# Implied alternatives

Sometimes people talk about *p*-values without alternative hypotheses. I will
now explain why this is wrong-headed. It is wrong-headed since there is always
a set of *implied alternatives*.

Take any *p*-value \(U\). By definition, \(U\) is uniform under the null hypothesis
\(H_0\) that the true probability measure is \(P\). All is fine and good. Now
assume that \(Q\) is the true probability measure and that the distribution
function \(Q(U \leq u)\) looks like this:

```
u = seq(0, 1, by = 0.001)
plot(x = u, y = u, type = "l", main = "p-value", xlab = "p-value",
ylab = "Cumulative probability")
lines(x = u, y = pbeta(u, 2, 1), col = "red")
```

Would it make sense to use \(U\) as some measure of evidence against \(P\) in this
case? No, it wouldn’t. It wouldn’t make sense because the evidence against \(P\)
contained in \(U\) is even *more* evidence against \(Q\) than against \(P\) for *any*
value of \(U\) except \(0\) and \(1\)!

This observation gives rise to the notion of *implied alternatives*. To get to
this notion, notice that \(Q\) is not an implied alternative. It is not an
implied alternative since you would never consider using \(U\) as your *p*-value
if you knew \(Q\) was the true alternative.

When can bizarre alternatives such as \(Q\) occur?

One example when using one-sided testing of a zero mean against a positive mean; here a negative mean is not in the set of implied alternatives. A slightly harder example is using the two-sided \(Z\)-test to test \(\sigma = 1\) against \(\sigma < 1\).

```
z = seq(-5, 5, by = 0.01)
u = pnorm(abs(z))
plot(x = 2*(1 - u), y = 2*(1 - u),
type = "l", main = "p-value",
xlab = "p-value", ylab = "Cumulative probability")
lines(x = 2*(1 - u), y = 2*(1 - pnorm(abs(z), sd = 0.5)),
col = "red")
lines(x = 2*(1 - u), y = 2*(1 - pnorm(abs(z), sd = 2)),
col = "blue")
```

Here \(N\left(0,1/2\right)\) (red line) is not an implied alternative since its curve is dominated by the black line \(y=x\). On the other hand, \(N\left(0,2\right)\) (blue curve) is an implied alternative.

Another example is from Berkson (1942), who discussed a test of the Poisson assumption that essentially tests for overdispersion. See my previous blog post.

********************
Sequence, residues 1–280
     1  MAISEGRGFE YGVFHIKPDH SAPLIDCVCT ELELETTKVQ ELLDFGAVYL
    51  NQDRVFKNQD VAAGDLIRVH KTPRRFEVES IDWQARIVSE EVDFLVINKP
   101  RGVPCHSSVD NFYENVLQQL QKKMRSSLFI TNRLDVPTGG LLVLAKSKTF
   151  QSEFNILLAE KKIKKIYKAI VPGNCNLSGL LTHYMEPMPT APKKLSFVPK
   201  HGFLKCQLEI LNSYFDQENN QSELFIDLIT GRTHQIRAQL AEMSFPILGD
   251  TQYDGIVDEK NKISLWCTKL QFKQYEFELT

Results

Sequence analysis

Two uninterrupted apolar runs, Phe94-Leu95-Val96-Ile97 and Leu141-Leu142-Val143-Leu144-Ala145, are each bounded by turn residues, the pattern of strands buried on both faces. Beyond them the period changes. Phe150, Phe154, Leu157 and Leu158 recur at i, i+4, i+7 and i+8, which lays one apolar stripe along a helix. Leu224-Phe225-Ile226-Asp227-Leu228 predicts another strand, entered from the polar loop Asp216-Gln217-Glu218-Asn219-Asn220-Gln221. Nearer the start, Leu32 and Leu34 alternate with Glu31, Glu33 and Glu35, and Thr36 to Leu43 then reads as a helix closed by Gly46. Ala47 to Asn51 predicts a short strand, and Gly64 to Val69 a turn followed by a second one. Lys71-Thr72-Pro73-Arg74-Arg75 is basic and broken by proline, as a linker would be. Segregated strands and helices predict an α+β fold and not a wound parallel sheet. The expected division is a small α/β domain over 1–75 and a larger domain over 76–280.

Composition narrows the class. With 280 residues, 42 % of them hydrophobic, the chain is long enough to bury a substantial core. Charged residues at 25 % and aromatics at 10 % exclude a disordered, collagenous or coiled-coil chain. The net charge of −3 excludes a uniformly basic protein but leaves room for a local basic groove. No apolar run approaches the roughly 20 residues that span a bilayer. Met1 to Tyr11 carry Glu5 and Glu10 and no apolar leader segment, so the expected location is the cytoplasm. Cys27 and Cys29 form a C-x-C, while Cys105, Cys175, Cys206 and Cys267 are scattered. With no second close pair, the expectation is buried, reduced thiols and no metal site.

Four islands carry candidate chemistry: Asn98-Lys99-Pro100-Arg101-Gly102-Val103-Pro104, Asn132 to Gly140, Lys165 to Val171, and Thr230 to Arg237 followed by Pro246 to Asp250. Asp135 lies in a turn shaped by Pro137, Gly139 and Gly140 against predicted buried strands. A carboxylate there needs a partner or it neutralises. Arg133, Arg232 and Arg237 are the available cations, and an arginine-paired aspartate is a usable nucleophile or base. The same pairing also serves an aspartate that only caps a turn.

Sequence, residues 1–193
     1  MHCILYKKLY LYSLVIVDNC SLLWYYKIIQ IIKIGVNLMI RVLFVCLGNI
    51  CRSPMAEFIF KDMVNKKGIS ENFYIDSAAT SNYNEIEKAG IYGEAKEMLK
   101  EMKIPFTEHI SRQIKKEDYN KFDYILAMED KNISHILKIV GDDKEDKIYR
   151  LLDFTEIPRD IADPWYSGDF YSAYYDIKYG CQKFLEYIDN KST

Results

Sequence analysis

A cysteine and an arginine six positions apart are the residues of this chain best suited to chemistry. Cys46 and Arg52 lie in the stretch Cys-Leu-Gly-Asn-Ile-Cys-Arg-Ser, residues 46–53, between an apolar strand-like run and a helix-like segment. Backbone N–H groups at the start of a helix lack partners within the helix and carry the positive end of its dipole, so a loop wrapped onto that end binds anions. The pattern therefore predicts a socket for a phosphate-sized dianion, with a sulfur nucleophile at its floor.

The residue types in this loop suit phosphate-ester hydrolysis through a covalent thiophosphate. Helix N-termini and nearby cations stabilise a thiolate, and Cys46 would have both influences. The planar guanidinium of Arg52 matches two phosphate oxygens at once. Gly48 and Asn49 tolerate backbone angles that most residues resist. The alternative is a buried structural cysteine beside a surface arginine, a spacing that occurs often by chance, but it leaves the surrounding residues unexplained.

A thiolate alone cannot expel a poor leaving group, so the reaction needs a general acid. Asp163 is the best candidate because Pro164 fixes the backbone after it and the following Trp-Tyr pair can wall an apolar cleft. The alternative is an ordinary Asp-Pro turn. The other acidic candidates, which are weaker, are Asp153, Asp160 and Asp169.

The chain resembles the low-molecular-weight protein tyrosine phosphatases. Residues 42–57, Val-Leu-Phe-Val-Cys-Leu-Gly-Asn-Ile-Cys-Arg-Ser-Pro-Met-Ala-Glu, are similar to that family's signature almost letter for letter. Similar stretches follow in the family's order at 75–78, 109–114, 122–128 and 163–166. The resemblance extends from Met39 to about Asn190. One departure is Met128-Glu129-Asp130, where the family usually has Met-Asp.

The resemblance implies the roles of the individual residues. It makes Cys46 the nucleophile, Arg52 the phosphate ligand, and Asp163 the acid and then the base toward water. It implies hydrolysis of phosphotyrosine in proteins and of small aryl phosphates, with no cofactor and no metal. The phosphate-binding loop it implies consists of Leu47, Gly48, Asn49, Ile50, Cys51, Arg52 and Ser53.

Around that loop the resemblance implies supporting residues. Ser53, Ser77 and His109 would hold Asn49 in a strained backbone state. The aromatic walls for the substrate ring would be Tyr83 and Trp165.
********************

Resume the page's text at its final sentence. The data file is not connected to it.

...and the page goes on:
What about curves that cross the \(y=x\)? Take the following *p*-values:

```
u = seq(0, 1, by = 0.01)
plot(x = u, y = u,
type = "l", main = "p-value",
xlab = "p-value", ylab = "Cumulative probability")
lines(x = u, y = pbeta(u, 1/2, 1/2),
col = "red")
lines(x = u, y = pbeta(u, 2, 2),
col = "blue")
```

Is either of these an implied alternative? Since we are mainly interested in
small *p*-values, we could regard the red curve as an implied alternative. It
would be strange to view the blue curve as an implied alternative as it only
has power against \(P\) when the *p*-value is greater than \(0.5\).

I can think of two reasonable definitions of implied alternatives:

- Demand that \(Q\left(u\right) \geq u\) for all \(u\). This corresponds to a sequence of hypothesis tests of \(P\) against \(Q\) that is unbiased for every level \(\alpha\). iia) Demand that \(Q\left(u\right) \geq u\) for all \(u<\epsilon\). Then \(Q\) is an \(\epsilon\)-implied alternative. This corresponds to a sequence of hypothesis tests of \(P\) against \(Q\) that is unbiased for every level \(\alpha<\epsilon\). iib) Let the family of implied alternatives the union of all \(\epsilon\)-implied alternatives.

Hence \(Q\) is an \(\epsilon\)-implied alternative if there is an \(\epsilon\) such
that a *p*-value less than \(\epsilon\) is less probably under \(P\) than under
\(Q\).

Now let \(\mathcal{Q}\) denote the set of implied alternatives under either
definition. Anyone who claims that their *p*-value does not need alternative
hypothesis should be able to explain why it makes sense to check the
truthfulness of \(P\) using \(U\) when some \(Q \in \mathcal{Q}^c\) is the true
distribution.